Little environmental backlash to semi-solid Alberta bitumen shipment despite B.C. tanker ban
‘We’ve seen a demonstration of solid phase oil transport and it works ... there’s no real upsets there'
News of the first shipment of semi-solid Alberta bitumen to Asia from a B.C. port is facing minimal backlash from environmental groups.
Calgary-based Melius Energy announced last month that it successfully moved 130 barrels of semi-solid bitumen from Edmonton to Prince Rupert, B.C., by intermodal rail.
The bitumen is now in a vessel on its way to China, contained in custom 20-foot shipping containers.
"From our transportation point of view, I think it's remarkably better than shipping it via oil tanker or by pipeline," said Karen Wristen, executive director of environmental group Living Oceans Society, in an interview aired on CBC Radio's Edmonton AM on Friday.
"If the bitumen is kept in its solid state it's about the consistency of peanut butter and that's not likely to spill."
The semi-solid bitumen, petroleum found in natural deposits then treated with what's known as the BitCrude process, can be refined in international markets to make products such as asphalt, diesel, and gasoline.
"Asia has always had a high demand for Canada's bitumen," said Yuri Butler, logistics manager at Melius. "We've just never been able to get it to tidewater. And this allows us to safely and responsibly ship to tidewater and then to anywhere in Asia where there's huge demand."
Bypasses oil tanker ban
Last June, Bill C-48 was passed, prohibiting liquid oil products from docking along B.C.'s northern coast.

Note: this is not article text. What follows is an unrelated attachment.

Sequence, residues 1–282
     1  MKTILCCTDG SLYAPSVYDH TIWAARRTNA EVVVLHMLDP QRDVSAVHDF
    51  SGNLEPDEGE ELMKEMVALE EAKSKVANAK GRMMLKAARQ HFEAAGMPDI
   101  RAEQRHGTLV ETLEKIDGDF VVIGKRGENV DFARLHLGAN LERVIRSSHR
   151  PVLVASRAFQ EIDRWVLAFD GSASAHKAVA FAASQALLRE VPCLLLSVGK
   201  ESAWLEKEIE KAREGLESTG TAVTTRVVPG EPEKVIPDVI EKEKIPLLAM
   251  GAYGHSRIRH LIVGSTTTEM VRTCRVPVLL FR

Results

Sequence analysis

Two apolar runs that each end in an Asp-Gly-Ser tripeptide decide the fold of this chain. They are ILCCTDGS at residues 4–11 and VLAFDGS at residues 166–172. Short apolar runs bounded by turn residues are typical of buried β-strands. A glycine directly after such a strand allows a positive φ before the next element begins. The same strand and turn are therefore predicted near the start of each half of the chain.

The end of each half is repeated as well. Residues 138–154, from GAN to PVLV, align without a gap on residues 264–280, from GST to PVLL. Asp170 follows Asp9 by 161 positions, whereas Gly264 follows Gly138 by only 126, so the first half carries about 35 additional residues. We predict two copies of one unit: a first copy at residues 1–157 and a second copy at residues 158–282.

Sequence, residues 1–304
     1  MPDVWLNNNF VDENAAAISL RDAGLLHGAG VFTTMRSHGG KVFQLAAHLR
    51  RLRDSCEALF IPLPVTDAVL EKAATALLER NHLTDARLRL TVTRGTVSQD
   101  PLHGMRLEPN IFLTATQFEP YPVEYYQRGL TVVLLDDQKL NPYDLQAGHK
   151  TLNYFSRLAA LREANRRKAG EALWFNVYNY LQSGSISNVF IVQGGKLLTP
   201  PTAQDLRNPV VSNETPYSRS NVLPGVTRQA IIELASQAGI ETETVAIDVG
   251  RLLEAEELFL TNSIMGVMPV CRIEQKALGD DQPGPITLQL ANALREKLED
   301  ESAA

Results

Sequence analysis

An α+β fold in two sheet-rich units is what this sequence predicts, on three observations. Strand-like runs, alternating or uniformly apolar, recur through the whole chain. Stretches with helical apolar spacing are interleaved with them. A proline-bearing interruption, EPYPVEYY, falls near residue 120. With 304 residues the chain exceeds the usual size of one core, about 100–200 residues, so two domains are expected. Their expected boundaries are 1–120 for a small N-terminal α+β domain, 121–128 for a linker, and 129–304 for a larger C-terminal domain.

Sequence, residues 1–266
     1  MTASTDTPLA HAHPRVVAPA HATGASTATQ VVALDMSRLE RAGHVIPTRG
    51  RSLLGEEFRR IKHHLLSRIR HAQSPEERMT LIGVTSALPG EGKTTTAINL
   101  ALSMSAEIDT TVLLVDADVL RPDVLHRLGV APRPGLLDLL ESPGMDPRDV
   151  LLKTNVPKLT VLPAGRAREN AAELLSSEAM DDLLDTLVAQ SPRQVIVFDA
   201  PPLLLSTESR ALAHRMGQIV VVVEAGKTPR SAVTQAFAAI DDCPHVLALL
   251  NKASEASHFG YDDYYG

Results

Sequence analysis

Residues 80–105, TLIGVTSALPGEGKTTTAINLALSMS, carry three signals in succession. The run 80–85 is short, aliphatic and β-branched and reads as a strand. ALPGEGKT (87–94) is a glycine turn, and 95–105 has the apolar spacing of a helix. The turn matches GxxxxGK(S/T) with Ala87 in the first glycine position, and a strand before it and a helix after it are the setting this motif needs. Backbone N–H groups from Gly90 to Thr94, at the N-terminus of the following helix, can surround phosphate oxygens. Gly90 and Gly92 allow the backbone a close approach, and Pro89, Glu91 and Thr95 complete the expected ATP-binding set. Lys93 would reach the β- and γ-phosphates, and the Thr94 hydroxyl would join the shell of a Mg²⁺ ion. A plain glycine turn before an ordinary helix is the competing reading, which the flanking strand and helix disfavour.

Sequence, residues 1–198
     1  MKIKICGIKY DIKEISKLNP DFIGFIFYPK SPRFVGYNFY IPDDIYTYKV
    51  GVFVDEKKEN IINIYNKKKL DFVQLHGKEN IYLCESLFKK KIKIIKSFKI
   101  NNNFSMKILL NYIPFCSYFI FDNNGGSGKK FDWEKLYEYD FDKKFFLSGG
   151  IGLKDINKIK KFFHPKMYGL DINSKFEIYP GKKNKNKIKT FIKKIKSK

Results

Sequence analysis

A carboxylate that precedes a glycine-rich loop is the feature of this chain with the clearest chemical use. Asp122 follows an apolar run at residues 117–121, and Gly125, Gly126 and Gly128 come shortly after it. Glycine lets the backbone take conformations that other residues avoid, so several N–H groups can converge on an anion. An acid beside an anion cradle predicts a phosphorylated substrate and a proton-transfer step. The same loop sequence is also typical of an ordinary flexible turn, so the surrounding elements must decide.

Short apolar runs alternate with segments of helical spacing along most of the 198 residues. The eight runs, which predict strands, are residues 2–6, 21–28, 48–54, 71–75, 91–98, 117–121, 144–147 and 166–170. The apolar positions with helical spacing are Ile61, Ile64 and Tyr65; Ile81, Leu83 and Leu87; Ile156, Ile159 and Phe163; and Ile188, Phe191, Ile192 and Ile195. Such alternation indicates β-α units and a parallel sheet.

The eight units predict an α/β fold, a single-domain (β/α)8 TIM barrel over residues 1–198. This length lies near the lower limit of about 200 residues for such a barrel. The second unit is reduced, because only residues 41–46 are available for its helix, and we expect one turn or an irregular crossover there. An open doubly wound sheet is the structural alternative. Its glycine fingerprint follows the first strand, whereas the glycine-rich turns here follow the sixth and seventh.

- Bill to restrict oil tankers in northern B.C. waters passes in Senate
- Calgary innovation could bypass oil tanker ban to ship bitumen to Asia
When transported in its custom-designed metal shipping containers, the semi-solid bitumen is non-flammable, floats in both fresh and saltwater, and is non-toxic to marine life, Butler said.
While the shipment of the semi-solid bitumen may not violate the intent behind the tanker legislation, it does violate the hopes the environmental community had for the oil ban, namely, ruling out the passage of any form of hydrocarbons, Wristen said.
"I'm not endorsing the idea by a long shot," Wristen said. "I don't think we should be moving bitumen at all."
Bulk shipping concerns
Luanne Roth, a campaigner with T. Buck Suzuki, an ocean and fisheries protection group on the West Coast, wasn't opposed to the shipment of the bitumen, she told CBC's Daybreak North.
"If you're going to be shipping it, it seemed like a relatively safe way to do it," said Roth. "It's a good way to limit any massive harm if there's an accident."
Roth's concern would be if the company got rid of the metal shipping containers in favour of bulk carriers to transport the bitumen at a reduced cost, she said.
Before the company scales up its commercial shipments, Butler said it plans to pursue more public consultation.
"Every time we ship anything with the word bitumen out, there's lots of concerns," Butler said. "We want to make sure we've addressed all those key questions or concerns that people have before we get to anything on this scale-wise."
Melius is not the only company working on innovations to export bitumen without the risk of an oil spill.
- CN Rail, First Nation plan to break ground on new 'bitumen puck' facility this year
- Balls of bitumen: Calgary breakthrough could bypass pipeline problem, researcher says
Ian Gates, a professor at the University of Calgary who is working on self-sealing pellets or balls of bitumen, said the fact that Melius Energy proved they can export from Canada is a good sign.
"There was a bit of an uncertainty for us," said Gates. "We've seen a demonstration of solid phase oil transport and it works, it's fine, there's no real upsets there. So with respect to ours, we believe there will be as much or little struggle as what they had."
With files from Ariel Fournier